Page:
— A network of employment agencies, including many in Chinatown, are still active and allegedly exploit Latino immigrant workers throughout Chicagoland and the Midwest, even after a 2015 federal lawsuit by Illinois Attorney General Lisa Madigan that resulted in some restaurants paying back wages and other penalties in 2017. A joint investigative report by the Sun-Times and Wisconsin Watch digs deep into the ongoing problem where many undocumented workers are allegedly hired for as little as $3.50 an hour and housed in “squalid conditions” for restaurant jobs set up by Xing Ying in Chinatown and similar operations.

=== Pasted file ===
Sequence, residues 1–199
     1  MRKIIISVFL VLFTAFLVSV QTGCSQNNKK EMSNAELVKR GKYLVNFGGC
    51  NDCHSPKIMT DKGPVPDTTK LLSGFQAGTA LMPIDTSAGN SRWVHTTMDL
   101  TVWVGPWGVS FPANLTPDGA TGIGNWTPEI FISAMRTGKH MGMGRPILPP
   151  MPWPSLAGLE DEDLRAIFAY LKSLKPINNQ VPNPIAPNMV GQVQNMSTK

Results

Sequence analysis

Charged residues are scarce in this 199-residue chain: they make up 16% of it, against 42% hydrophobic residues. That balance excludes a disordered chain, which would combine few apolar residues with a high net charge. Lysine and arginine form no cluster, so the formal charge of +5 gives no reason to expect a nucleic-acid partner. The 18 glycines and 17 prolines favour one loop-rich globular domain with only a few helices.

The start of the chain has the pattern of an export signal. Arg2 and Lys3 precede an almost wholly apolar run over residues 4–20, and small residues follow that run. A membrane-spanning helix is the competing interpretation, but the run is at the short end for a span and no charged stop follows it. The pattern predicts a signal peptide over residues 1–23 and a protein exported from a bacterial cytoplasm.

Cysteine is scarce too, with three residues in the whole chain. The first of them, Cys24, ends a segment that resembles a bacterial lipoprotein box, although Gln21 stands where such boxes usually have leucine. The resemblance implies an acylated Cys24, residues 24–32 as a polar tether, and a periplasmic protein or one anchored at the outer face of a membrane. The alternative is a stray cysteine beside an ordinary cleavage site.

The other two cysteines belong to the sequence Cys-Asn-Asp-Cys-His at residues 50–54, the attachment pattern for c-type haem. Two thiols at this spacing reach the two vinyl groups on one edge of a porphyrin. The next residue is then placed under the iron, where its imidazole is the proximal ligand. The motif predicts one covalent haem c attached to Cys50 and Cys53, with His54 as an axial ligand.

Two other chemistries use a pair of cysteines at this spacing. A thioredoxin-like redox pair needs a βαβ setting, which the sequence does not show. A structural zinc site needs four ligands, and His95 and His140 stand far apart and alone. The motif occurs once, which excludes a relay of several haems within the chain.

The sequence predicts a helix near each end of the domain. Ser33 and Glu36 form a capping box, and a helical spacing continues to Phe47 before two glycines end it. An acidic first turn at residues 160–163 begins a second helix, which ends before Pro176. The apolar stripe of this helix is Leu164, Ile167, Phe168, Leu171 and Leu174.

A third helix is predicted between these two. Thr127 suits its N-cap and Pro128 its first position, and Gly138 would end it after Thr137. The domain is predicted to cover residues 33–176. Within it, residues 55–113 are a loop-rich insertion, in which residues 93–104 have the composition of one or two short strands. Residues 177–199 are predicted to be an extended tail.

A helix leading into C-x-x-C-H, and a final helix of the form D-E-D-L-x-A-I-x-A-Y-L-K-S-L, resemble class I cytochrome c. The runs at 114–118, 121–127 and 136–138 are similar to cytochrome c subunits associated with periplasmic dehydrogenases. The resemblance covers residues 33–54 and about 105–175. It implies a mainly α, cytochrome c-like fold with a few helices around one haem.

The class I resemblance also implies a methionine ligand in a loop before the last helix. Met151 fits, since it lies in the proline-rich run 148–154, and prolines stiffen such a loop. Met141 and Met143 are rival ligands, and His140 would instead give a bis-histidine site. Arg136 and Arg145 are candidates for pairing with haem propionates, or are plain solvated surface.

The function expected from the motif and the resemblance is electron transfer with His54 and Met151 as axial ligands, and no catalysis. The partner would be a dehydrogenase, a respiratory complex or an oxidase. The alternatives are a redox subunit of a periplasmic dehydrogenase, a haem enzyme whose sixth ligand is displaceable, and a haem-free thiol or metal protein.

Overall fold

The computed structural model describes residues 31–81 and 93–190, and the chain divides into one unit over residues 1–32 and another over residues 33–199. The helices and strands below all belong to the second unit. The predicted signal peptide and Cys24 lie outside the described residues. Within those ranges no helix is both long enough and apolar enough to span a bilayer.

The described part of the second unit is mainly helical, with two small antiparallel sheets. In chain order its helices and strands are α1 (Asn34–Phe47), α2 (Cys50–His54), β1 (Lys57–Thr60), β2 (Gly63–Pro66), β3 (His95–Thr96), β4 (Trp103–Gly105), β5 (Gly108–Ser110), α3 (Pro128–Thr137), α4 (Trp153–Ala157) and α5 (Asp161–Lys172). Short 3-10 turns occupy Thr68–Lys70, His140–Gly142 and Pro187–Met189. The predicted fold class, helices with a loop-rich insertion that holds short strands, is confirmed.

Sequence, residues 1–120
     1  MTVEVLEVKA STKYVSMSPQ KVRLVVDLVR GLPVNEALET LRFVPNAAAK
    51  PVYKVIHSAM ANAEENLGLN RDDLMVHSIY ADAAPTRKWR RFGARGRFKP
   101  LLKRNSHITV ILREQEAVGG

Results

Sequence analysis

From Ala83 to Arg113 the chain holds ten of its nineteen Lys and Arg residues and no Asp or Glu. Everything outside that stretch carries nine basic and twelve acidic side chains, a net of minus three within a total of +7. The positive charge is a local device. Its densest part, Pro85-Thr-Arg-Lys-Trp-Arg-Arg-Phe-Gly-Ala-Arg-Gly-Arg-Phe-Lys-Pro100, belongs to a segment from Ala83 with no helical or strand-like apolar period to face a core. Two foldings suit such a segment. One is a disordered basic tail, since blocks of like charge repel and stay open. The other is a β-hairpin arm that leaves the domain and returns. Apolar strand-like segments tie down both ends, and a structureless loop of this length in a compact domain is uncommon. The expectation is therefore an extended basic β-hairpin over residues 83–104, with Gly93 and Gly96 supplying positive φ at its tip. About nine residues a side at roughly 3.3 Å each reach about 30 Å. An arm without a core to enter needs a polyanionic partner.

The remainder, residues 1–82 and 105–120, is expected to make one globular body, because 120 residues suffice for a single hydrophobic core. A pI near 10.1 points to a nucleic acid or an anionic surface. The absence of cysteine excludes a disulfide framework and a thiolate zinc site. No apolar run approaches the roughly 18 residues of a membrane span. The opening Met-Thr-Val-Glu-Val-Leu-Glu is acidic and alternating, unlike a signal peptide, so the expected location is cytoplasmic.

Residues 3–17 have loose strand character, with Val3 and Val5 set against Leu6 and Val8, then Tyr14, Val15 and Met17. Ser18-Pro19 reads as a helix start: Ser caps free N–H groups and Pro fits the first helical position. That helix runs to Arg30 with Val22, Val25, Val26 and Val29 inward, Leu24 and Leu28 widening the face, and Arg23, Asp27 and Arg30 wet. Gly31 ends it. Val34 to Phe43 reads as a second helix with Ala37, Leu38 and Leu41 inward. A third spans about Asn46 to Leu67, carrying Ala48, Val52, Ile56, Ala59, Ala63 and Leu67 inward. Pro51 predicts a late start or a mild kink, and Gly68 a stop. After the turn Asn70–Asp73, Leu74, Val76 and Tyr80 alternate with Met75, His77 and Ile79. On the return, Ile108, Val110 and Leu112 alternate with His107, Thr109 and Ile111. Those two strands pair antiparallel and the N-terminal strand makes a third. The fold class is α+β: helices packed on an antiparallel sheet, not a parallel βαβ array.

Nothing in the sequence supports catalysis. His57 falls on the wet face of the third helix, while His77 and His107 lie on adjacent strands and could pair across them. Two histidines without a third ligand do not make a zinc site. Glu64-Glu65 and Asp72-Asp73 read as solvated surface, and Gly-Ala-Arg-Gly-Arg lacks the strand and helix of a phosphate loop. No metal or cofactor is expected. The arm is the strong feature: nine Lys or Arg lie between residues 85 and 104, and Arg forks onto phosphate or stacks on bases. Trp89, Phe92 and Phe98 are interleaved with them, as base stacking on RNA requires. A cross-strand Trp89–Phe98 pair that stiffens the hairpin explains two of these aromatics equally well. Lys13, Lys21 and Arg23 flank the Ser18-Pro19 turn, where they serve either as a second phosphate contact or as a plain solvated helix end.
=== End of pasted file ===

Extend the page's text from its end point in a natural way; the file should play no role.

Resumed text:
— Grant Achatz has been leading Next Restaurant with chef de cuisine Ed Tinoco — the current menu is Alinea 2011-2015, after all — following the exit of executive chef Jenner Tomaska, Nick Kokonas writes. Expect a new executive chef to be announced in “a few weeks” around the time the 2019 menu iterations are revealed.
— Avé Pasta, the reconcept of the SoupBox at 50 E. Chicago Avenue above Streeter’s Tavern, is closed indefinitely after ownership says it was the victim of arson and vandalism in late September. Its phone number is disconnected and there’s no word if or when it will reopen.
— Only two hotels — Cambria Magnificent Mile and the Kinzie Hotel — are left in the workers’ strike after Crowne Plaza and Hampton Inn/Homewood Suites Magnificent Mile ratified contracts on Friday, Curbed reports.
— And finally, the star of PBS series Lucky Chow and founder of New York traveling food fest LuckyRice will be in town on October 18 for a dinner at Ramen-San Fulton Market. More information and tickets are available here.